Looking beyond the numbers in this one poll, the numbers continue to look good for Democrats in the poll averages. The RealClearPolitics average, for example, gives Democrats a 12.8% margin over the GOP with an average of 53% of respondents saying they would prefer a Democratic candidate and an average of 41.3% saying they would prefer a Republican. The Pollster average is somewhat more conservative in that is shows 42.6% of respondents saying they would support a Democrat and 36.0% saying they would support a Republican. Finally, the FiveThirtyEight projection shows 48.5% of respondents saying they would support a Democratic candidate and 38.5% saying they would support a Republican. These numbers are down somewhat from the heights they were at near the end of 2017, but they still show a strong preference among voters for a Democratic-controlled Congress. Additionally, as the chart from RealClearPolitics shows, the trend appears to be once again working in favor of the Democrats:

All of the usual caveats apply here, of course. We’re still over seven months away from the midterm elections, after all, and there’s any number of things that could happen between now and then that could have an impact on the elections themselves. Additionally, it’s worth keeping in mind that the General Congressional Ballot doesn’t always paint an accurate picture of what’s likely to happen in the 435 House elections and, as things stand now, 35 Senate elections (33 regular end-of-term elections and two Special Elections) that will take place in November. In reality, the fate of the House of Representatives will come down to the fate of, at most, a couple dozen seats where the Democrats may have a likely chance of winning against a Republican incumbent or in an open-seat race for a seat held by one of the many Republican House members who are retiring at the end of the current session of Congress. Since the Generic Congressional Ballot is a national poll it doesn’t really give us an accurate picture of what’s going on at the District level. We’ll be able to get some idea of where the Senate is headed as various polling companies begin focusing on the likely competitive races in that body, but the odds are that we won’t see much polling at the Congressional District level so, as is usually the case, we’ll be headed into the midterms somewhat blind about what the outcome could be. All that being said, the ground looks very good for Democrats right now, and that should have Republicans very worried.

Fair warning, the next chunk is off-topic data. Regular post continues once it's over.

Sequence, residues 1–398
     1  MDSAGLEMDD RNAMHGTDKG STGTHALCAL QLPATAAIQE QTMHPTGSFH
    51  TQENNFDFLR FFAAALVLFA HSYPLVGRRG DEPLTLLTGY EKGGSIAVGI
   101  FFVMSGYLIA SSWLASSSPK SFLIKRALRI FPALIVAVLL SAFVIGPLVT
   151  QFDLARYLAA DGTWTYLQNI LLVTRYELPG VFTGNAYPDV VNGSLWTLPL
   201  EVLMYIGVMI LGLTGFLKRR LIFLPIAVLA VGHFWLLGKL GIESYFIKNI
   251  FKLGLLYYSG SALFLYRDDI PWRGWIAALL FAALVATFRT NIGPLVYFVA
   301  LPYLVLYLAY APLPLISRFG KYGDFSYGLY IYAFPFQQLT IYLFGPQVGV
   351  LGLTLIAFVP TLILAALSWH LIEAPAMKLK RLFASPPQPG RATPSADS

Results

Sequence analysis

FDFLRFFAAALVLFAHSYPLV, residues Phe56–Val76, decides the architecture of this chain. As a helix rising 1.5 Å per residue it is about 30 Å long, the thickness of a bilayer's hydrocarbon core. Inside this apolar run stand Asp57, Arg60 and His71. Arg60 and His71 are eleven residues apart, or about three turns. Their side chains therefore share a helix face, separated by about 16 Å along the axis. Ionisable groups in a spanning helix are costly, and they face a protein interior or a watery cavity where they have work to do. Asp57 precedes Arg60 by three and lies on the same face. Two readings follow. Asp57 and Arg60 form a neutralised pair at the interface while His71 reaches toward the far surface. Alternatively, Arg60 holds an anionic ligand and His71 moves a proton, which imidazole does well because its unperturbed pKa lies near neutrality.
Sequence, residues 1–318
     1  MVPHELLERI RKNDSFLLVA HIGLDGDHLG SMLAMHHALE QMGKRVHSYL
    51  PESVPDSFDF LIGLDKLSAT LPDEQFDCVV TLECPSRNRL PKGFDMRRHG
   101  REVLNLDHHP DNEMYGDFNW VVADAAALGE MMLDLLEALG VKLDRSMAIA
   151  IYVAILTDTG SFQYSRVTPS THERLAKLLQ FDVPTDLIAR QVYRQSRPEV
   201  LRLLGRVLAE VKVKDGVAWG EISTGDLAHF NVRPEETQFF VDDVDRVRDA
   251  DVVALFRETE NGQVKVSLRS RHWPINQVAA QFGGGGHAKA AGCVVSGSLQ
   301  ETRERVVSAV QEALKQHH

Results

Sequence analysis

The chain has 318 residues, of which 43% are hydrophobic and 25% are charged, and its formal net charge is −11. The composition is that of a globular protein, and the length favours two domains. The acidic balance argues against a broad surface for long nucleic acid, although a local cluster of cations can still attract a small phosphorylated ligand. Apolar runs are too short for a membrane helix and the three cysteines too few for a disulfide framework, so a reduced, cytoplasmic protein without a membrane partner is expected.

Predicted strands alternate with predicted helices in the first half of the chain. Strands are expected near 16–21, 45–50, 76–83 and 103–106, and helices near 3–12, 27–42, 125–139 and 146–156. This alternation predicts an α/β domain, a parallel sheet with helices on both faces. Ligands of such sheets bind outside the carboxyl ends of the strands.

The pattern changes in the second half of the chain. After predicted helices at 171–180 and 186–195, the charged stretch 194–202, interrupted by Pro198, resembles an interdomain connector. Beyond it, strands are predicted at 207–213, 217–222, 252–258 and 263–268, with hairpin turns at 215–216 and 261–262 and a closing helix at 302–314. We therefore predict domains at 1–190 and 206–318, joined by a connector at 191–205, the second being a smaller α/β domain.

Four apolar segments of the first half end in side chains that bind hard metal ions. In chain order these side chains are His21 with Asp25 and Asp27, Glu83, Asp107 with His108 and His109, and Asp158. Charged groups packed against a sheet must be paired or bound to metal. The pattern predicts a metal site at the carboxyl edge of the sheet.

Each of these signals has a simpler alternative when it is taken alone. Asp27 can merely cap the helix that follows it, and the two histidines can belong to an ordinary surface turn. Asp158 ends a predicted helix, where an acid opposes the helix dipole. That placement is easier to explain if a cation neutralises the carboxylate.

FILED UNDER: 2018 Election, Congress, Public Opinion Polls, US Politics, , , , , , , , , , , , , ,
Doug Mataconis
About Doug Mataconis
Doug Mataconis held a B.A. in Political Science from Rutgers University and J.D. from George Mason University School of Law. He joined the staff of OTB in May 2010 and contributed a staggering 16,483 posts before his retirement in January 2020. He passed far too young in July 2021.


  1. steve story says:

    tRump’s having a fucking meltdown on twitter today.

    Donald J. Trump

    Verified account

    8h8 hours ago
    Why does the Mueller team have 13 hardened Democrats, some big Crooked Hillary supporters, and Zero Republicans? Another Dem recently added…does anyone think this is fair? And yet, there is NO COLLUSION!
    58,053 replies 20,419 retweets 73,758 likes
    Reply 58K Retweet 20K Like 74K Direct message

    Donald J. Trump

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    8h8 hours ago
    Spent very little time with Andrew McCabe, but he never took notes when he was with me. I don’t believe he made memos except to help his own agenda, probably at a later date. Same with lying James Comey. Can we call them Fake Memos?

    41,254 replies 21,346 retweets 81,866 likes
    Reply 41K Retweet 21K Like 82K Direct message

    Donald J. Trump

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    8h8 hours ago